As an avid golfer, I’m constantly striving to achieve a dynamic balance in my game. For those of you who don’t “enjoy a good walk spoiled,” dynamic balance is defined by the Professional Golfers’ Association as “transferring the focus of weight appropriately during the golf swing while maintaining body control.”
This got me thinking about the objectives of the Innovation Team. We are essentially tasked with transferring the focus of ATMs to consumer experience appropriately while maintaining streamlined efficiencies.
This is where Bring Your Own Device (BYOD) comes into play.
To strike the dynamic balance between consumer and technology, we focused on the one thing most consumers feel comfortable using — their smartphone.
Basically, you, me, everybody, has their whole life attached to their smartphone. We rely on it for accurate GPS directions, count on it to chronicle every activity, use it to get movie times, play music, track steps, check vital signs, schedule appointments, order food, book reservations, cancel orders, find flights, find a car, find our next home, find our future spouse – and, yes, even make phone calls.
Our whole lives are, in a sense, digitized and in our pockets. And because our devices go everywhere we go, we expect it to do everything we need, when we need it. (I even have an app to help me master my short game.)
Our devices make even the most remedial things – like buying paper towels – feel like an enhanced, personalized experience.
Your Device. Our Terminal. The Perfect Match.
There is monotony to traditional ATM interactions. You insert your card, you enter your PIN, follow the prompts. Card. PIN. Prompt. Repeat.
Building a mobile integration strategy around BYOD creates better banking experiences in an ever-evolving payments ecosystem.
When you BYOD, it’s at your pace, on your time and your device. There’s a built-in comfort with using your own device, and peace of mind in knowing your personal information is encrypted and protected by the same security measures you’ve applied to all the other personal information stored on the device.
When I explain BYOD, I relate it back to my golf clubs.
When I golf with my clubs, I am more confident in the outcome. Why? Because I control differentiators between a personal best and a lousy round.
I prepare by getting comfortable using the clubs. I customize them to my swing – the look and feel, the grips, club length, launch angle, swing weight. I modify my clubs to suit my needs and my abilities. This gives me the best chance to optimize my performance by giving me the same swing profile and helping me achieve dynamic balance. I am refining my game by improving the things that I can control the most. This way, I take fewer strokes and have better experiences at the course.
My ultimate goal: To enhance my golf game to the point where I get a consistent and familiar experience on every course. So while the courses may differ, the clubs will remain consistent.
Do you think I could get the same consistency in play if I was constantly having to use someone’s spare set of clubs? How about when I am traveling and leave my clubs at home? Different experiences. Different results.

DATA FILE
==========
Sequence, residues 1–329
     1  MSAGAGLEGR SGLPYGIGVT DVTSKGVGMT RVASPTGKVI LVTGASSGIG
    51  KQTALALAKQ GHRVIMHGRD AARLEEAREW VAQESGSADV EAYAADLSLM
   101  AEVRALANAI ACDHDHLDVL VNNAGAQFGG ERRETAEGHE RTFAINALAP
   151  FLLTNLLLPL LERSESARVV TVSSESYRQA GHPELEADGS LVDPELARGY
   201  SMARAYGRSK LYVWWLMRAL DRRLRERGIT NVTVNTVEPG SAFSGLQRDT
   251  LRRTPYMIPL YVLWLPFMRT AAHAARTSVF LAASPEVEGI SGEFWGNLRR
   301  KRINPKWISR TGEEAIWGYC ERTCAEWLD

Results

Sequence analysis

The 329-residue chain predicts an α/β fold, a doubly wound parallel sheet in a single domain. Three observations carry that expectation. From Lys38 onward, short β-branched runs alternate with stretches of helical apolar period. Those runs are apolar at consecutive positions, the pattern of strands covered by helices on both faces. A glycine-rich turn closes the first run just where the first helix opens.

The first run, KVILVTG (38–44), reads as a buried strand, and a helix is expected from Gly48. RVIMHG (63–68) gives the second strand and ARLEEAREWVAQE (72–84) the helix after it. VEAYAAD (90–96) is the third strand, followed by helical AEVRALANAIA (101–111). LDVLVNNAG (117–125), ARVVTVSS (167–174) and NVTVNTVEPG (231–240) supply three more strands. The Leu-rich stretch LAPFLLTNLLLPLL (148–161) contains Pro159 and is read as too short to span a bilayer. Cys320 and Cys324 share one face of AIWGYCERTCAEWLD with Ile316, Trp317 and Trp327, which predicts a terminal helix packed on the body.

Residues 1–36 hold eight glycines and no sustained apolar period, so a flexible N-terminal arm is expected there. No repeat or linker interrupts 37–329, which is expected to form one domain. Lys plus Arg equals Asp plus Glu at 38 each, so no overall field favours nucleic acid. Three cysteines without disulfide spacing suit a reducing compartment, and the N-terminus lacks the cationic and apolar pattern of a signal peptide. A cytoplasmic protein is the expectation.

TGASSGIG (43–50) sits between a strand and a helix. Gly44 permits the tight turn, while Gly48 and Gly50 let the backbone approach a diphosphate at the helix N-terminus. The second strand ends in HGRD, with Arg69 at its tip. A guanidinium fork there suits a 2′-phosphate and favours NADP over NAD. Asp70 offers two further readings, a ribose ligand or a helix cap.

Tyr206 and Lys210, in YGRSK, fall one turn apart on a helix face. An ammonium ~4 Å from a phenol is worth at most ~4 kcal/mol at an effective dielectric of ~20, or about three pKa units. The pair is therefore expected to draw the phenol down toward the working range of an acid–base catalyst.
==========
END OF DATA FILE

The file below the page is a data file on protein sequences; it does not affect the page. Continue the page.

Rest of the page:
User Experience Drove the BYOD Concept.
Consistency in transactions to enhance consumer experiences is why Diebold sees such value in BYOD.
When we have ideation sessions, we focus on user experience first and foremost. It’s the foundation for creating concepts like Irving (a BYOD concept that completes cash withdrawals in less than 10 seconds).
We design around eliminating steps at the terminal so there is less complexity for the consumer. And as technology gets more handheld and adoption of smart devices continues to grow, we can transition more functions onto mobile devices to streamline ATM access.
This is extremely beneficial for today’s always-on-the-go consumers. Mobile enhances the speed of the transaction. When they BYOD, consumers spend less time at the ATM by increasing throughput on their mobile devices. In parallel, cash-heavy regions of the world appreciate decreased queuing times at the terminals, i.e. consumers can “cash and dash” with BYOD.
Plus, BYOD enhances the experiences for vision-impaired and accessibility-challenged consumers. The more we can transfer the transaction to the mobile device, the more comfortable and familiar they can be accessing self-service channels.
For financial institutions, BYOD reduces the cost and complexity of terminals. It eliminates receipt printers and scanners for cards, it mitigates data malfeasance like skimming and it diminishes reoccurring maintenance issues by reducing the amount of moving parts and pieces inside the terminal.
And with BYOD acceptance outside of the financial industry, it’s not far-fetched to imagine BYOD driving banking transactions in the very near future. We see BYOD implementation in classrooms and in the workplace. At schools, mobile devices are beginning to be considered a computation tool in the same way a pencil is looked at as a writing tool. For some businesses, BYOD policies have increased employee productivity while reducing costs.
BYOD is a game changer. It is enhancing the consumer experience by putting the power – literally – in their hands with devices they trust, understand and value. For Diebold to tap into this consumer habit to create a better user experience at the ATM is, quite frankly, a stroke of innovation unmatched in the industry.
To talk BYOD technology or to discuss any of our latest innovations, connect with us virtually.